AG Barr
© Fox News/KJN
Attorney General William Barr
A reasonable reading of Trump-Russia special counsel Robert Mueller's findings is that President Trump was falsely accused of conspiring or coordinating with Russia to fix the 2016 election. The same goes for people around Trump who were also falsely accused.

Attorney General William Barr wrote in a letter to Congress Sunday:
"The Special Counsel's investigation did not find that the Trump campaign or anyone associated with it conspired or coordinated with Russia in its efforts to influence the 2016 U.S. presidential election. As the report states: '[T]he investigation did not establish that members of the Trump Campaign conspired or coordinated with the Russian government in its election interference activities.'"
Mueller made clear that he not only considered conspiracy charges in connection with the election but also looked into whether there was some sort of coordination between Trump and the Russians, which Mueller defined as an "agreement -- tacit or express -- between the Trump Campaign and the Russian government on election interference." Mueller did not find any such agreement. "The evidence does not establish that the President was involved in an underlying crime related to Russian election interference," Mueller wrote, according to Barr.

On Twitter, Trump called it "complete and total EXONERATION. " He was right, as far as collusion goes. And collusion was the foundation of the entire Trump-Russia affair. It was the original accusation from which all other accusations flowed. It was the issue on which many on the left accused the president of treason, of selling out the United States to a foreign adversary, of being an agent of Russia, or seeking to corrupt an election, and more. Those charges, often made by prominent commentators with prestigious positions in media and government, were false.

But now many of those same commentators have switched their attention to the issue of whether Trump obstructed the Russia investigation. On that, Mueller did not reach a conclusion. Barr wrote:
"For each of the relevant actions investigated, the report sets out evidence on both sides of the question and leaves unresolved what the Special Counsel views as 'difficult issues' of law and fact concerning whether the President's actions and intent could be viewed as obstruction. The Special Counsel states that 'while this report does not conclude that the President committed a crime, it also does not exonerate him.'"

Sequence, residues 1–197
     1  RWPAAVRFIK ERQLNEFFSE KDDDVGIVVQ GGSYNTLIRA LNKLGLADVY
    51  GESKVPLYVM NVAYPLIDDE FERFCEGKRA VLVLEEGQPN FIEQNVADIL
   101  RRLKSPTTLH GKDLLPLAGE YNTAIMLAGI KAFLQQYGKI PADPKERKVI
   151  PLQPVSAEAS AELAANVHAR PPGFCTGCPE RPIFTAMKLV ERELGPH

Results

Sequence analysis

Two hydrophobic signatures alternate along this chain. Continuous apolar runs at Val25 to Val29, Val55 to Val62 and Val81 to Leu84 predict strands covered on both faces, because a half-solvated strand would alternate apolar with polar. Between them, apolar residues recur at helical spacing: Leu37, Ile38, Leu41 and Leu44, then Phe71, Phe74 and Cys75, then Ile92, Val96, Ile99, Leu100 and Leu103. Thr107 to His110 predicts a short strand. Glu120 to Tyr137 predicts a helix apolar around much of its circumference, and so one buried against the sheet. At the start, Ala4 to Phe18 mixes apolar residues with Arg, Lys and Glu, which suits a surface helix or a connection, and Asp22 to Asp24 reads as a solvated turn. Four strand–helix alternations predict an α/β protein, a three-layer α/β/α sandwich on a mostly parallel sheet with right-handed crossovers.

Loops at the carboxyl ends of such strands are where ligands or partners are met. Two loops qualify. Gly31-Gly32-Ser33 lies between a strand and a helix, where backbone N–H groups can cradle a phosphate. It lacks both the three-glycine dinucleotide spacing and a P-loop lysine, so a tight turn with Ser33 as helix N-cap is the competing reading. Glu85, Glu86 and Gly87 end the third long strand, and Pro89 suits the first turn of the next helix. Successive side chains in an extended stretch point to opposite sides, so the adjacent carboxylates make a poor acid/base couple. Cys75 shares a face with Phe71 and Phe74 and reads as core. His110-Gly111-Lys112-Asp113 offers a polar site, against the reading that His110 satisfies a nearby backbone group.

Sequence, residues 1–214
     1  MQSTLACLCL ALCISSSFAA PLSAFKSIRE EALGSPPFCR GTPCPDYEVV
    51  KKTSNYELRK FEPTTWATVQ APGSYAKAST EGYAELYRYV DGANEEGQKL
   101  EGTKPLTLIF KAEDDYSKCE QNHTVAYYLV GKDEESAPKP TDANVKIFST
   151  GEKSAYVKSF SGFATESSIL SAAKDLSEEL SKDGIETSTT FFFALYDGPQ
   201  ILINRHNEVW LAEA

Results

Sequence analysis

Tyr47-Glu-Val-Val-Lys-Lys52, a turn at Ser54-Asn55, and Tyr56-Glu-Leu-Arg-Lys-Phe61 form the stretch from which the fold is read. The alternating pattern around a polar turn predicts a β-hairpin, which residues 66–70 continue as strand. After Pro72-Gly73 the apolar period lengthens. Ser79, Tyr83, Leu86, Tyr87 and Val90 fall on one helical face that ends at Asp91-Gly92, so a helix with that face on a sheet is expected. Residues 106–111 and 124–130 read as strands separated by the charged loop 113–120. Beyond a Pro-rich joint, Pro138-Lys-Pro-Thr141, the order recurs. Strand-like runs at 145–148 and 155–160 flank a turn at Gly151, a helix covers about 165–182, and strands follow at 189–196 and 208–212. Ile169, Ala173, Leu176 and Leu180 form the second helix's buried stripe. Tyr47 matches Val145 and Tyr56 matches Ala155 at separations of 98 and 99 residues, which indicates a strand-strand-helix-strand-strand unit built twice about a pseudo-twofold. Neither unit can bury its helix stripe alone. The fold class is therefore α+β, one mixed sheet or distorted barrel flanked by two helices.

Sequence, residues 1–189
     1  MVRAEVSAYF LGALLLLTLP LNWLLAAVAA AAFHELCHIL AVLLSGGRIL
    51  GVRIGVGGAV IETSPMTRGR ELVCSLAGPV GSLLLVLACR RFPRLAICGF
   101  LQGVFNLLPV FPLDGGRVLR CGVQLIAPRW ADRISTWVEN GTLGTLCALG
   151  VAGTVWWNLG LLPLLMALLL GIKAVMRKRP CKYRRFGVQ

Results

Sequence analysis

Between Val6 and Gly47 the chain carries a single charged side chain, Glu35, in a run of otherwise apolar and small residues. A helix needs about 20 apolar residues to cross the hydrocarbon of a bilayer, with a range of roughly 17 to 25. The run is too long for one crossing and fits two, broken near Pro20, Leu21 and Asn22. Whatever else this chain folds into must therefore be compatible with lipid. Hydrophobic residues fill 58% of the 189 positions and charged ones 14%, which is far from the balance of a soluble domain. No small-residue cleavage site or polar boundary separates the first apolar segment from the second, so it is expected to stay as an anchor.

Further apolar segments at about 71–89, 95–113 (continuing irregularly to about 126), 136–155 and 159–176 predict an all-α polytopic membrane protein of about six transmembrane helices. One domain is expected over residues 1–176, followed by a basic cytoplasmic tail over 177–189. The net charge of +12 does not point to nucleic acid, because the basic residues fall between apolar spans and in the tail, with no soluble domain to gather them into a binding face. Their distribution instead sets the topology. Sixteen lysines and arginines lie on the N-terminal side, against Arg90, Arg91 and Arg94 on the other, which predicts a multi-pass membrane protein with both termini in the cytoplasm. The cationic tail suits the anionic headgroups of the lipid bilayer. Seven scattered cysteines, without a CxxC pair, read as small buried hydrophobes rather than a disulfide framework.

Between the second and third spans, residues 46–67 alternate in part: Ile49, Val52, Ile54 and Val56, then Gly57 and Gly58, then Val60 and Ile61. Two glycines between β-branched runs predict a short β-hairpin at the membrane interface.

Instead of a Mueller conclusion, Barr himself, along with deputy attorney general Rod Rosenstein, examined Mueller's findings and decided that
"the evidence developed during the Special Counsel's investigation is not sufficient to establish that the President committed an obstruction-of-justice offense."
One of the factors Barr and Rosenstein considered was the collusion finding. If there was no underlying crime, they reasoned, then there was less motive for the president to cover up. While that was "not determinative," Barr and Rosenstein concluded, the absence of evidence of an underlying crime "bears upon the President's intent with respect to obstruction." In other words, whatever Trump did, he wasn't trying to cover up evidence of collusion.

Not surprisingly, Democrats seized on Mueller's decision not to make a call on the obstruction issue as a reason for more investigation. They must have all of Mueller's evidence, Democrats said, to show the American people whether the president obstructed justice. Not that they have any doubts on the matter, remember that not long ago Democratic Rep. Jerry Nadler, who chairs the House Judiciary Committee, stated flatly, "It's very clear that the president obstructed justice." Republicans, of course, also support the release of Mueller's evidence.

Democrats will now point out that one can be charged with obstruction of justice even if there was no underlying crime. That is indeed true. But the Trump-Russia fight of the coming year will not be a legal debate. It will be a political debate, as Democrats seek to damage the president going into the 2020 election. And in the political debate, Mueller's clear conclusion on the underlying issue of collusion, that there wasn't any, will give the president a very powerful argument: You're saying I obstructed an investigation into something that didn't happen? I defend myself against false charges, and that's obstruction?

It's not a legal point. It's a commonsense point, the kind that voters consider when they make their decisions. And that is the case Trump will make in the coming months.